Lumen Martin Winter (1908-1982) is an artist almost unknown today. The rediscovery of this artist is not as uncommon as one first thinks, with artists who have spent a large part of their careers as muralists. In this exhibition at the Harness Racing Museum & Hall of Fame Goshen, NY from June 1 2015 to May 31, 2015, The Spirit of the Horse, one sees drawings and watercolors that Lumen Winter created in Santa Fe New Mexico. Read More

Artful Circle Visits Yayoi Kusama exhibit at David Zwirner Gallery

   dots debbie  by Debbie Wells
Give me dots, dots and more dots is the theme of the “Give Me Love” exhibit at David Zwirner Gallery in Chelsea. Pop artist Yayoi Kusama’s lifelong obsession with circles is evident in this triple-threat of an exhibition. Her iconic polka dot art is displayed in three parts – colorful paintings, whimsical sculptures and a show stopping one-of-a-kind art installation. Kusama is now acknowledged as one of the most important living artists of Japan.

Who is Yayoi Kusama?

It is hard to believe that this exhibition consists of new work done by the artist, who is now in her eighties. It has the freshness and energy of a person much younger, but as one learns about the life of Kusama, it becomes clear her vibrant art is reflective of her age-defying personal character and the universal love of pop art, color and shape that transcends time.

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Art Gallery Etiquette Guide by Artful Circle

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Always ask the gallery receptionist or security guard if photography is permitted in the gallery with your camera, video or phone camera. Often the use of the flash is prohibited.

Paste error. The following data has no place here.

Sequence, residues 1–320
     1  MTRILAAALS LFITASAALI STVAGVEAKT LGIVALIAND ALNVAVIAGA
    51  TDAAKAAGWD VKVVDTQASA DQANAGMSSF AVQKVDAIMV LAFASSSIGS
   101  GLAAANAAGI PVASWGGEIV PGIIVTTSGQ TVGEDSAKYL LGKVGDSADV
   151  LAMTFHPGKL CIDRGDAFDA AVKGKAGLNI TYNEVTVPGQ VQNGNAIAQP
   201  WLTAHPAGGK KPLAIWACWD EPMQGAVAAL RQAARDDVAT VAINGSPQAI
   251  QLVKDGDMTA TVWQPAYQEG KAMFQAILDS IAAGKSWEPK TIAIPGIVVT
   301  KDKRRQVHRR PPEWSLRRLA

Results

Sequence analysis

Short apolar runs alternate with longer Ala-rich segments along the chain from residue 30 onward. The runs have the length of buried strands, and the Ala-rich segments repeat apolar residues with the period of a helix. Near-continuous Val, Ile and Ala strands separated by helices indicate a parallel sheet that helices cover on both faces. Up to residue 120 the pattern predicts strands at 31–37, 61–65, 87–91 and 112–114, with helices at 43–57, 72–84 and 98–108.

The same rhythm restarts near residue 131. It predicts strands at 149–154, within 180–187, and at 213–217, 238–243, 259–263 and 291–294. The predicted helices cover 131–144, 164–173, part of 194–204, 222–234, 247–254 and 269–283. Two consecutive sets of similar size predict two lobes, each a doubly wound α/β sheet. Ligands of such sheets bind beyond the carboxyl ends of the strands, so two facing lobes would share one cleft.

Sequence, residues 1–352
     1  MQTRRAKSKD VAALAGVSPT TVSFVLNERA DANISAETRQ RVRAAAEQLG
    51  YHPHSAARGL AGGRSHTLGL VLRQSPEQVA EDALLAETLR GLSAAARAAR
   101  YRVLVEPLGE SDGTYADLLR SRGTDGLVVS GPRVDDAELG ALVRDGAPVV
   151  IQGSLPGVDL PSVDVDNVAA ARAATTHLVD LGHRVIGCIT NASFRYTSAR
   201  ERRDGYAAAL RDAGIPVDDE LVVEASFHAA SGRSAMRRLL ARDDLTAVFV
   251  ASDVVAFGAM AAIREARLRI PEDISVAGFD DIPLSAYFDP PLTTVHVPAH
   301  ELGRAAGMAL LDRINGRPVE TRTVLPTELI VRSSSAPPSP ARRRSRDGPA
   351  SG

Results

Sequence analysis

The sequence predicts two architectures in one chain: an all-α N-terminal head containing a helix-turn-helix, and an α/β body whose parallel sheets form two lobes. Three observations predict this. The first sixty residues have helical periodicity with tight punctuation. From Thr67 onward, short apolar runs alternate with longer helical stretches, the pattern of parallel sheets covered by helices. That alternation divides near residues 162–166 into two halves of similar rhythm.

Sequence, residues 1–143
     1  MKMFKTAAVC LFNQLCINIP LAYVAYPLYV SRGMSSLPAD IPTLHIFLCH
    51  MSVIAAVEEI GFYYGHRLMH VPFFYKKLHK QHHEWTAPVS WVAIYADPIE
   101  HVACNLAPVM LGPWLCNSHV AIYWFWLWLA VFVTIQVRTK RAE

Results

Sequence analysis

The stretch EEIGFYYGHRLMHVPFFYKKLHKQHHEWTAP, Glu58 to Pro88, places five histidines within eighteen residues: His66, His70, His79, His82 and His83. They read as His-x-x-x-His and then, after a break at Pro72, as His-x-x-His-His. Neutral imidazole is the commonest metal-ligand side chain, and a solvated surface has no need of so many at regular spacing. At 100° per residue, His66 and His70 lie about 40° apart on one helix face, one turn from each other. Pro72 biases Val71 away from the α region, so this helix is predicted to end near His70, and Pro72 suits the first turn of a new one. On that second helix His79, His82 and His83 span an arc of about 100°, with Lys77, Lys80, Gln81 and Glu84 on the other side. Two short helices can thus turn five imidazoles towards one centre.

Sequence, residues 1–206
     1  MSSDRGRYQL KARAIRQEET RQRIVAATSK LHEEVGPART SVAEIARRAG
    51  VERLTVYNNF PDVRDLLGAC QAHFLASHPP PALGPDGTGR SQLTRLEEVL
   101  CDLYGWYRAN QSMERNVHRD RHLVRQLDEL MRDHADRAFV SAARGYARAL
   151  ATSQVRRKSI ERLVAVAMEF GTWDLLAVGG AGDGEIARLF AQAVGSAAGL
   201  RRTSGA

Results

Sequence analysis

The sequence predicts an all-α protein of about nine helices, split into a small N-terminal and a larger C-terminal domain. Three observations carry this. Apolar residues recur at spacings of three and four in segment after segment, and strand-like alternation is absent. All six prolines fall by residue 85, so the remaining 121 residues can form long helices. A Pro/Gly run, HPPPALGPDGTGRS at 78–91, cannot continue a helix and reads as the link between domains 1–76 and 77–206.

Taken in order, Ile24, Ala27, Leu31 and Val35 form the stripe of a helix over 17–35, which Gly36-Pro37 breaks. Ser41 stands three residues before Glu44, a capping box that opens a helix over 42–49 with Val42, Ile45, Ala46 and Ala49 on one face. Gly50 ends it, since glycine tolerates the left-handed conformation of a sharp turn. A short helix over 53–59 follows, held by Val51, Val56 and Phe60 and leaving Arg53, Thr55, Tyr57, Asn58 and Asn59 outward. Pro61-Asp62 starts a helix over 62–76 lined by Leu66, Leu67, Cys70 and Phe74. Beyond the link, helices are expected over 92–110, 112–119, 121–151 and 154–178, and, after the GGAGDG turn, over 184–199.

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Respect boundaries. Make note of roped off areas or lines on the floor that instruct viewers to keep a healthy distance from the artwork. Also be aware of free standing sculptures, pedestals, stairs, wires , etc. so you don’t knock in anything.

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Be prepared to check your bags, backpack, umbrellas, etc. if asked upon entering a gallery. Read More

The New Whitney Museum of American Art – Part Two

By Debbie Wells

 press on stairs WHITNEY PRESS PIAZZA
Press waiting for speeches to begin

Welcome to the new era for the Whitney Museum of American Art! Now that the museum has been open to the public and getting rave reviews, I thought it was time to give some of the background information. People have been enjoying the Whitney’s new location and building, but what were the thoughts of the architect, curators and museum officials prior to opening day? At the press preview were assembled the illustrious group of people responsible for the museum’s new life.

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Left: Renzo Piano, left,  and Adam Weinberg; Right: Donna De Salvo

The key speakers included Renzo Piano, Adam Weinberg and Donna De Salvo. Each not only explained their role in the concept, design and construction of the new Whitney, they spent time expressing their enthusiasm and gratitude for their successful collaboration. Together, they accomplished a major feat – a $422 million building showcasing their unsurpassed collection of modern and contemporary American art – with state-of-the-art architecture and sweeping views never so gloriously seen before from the vantage point of Chelsea’s High Line area.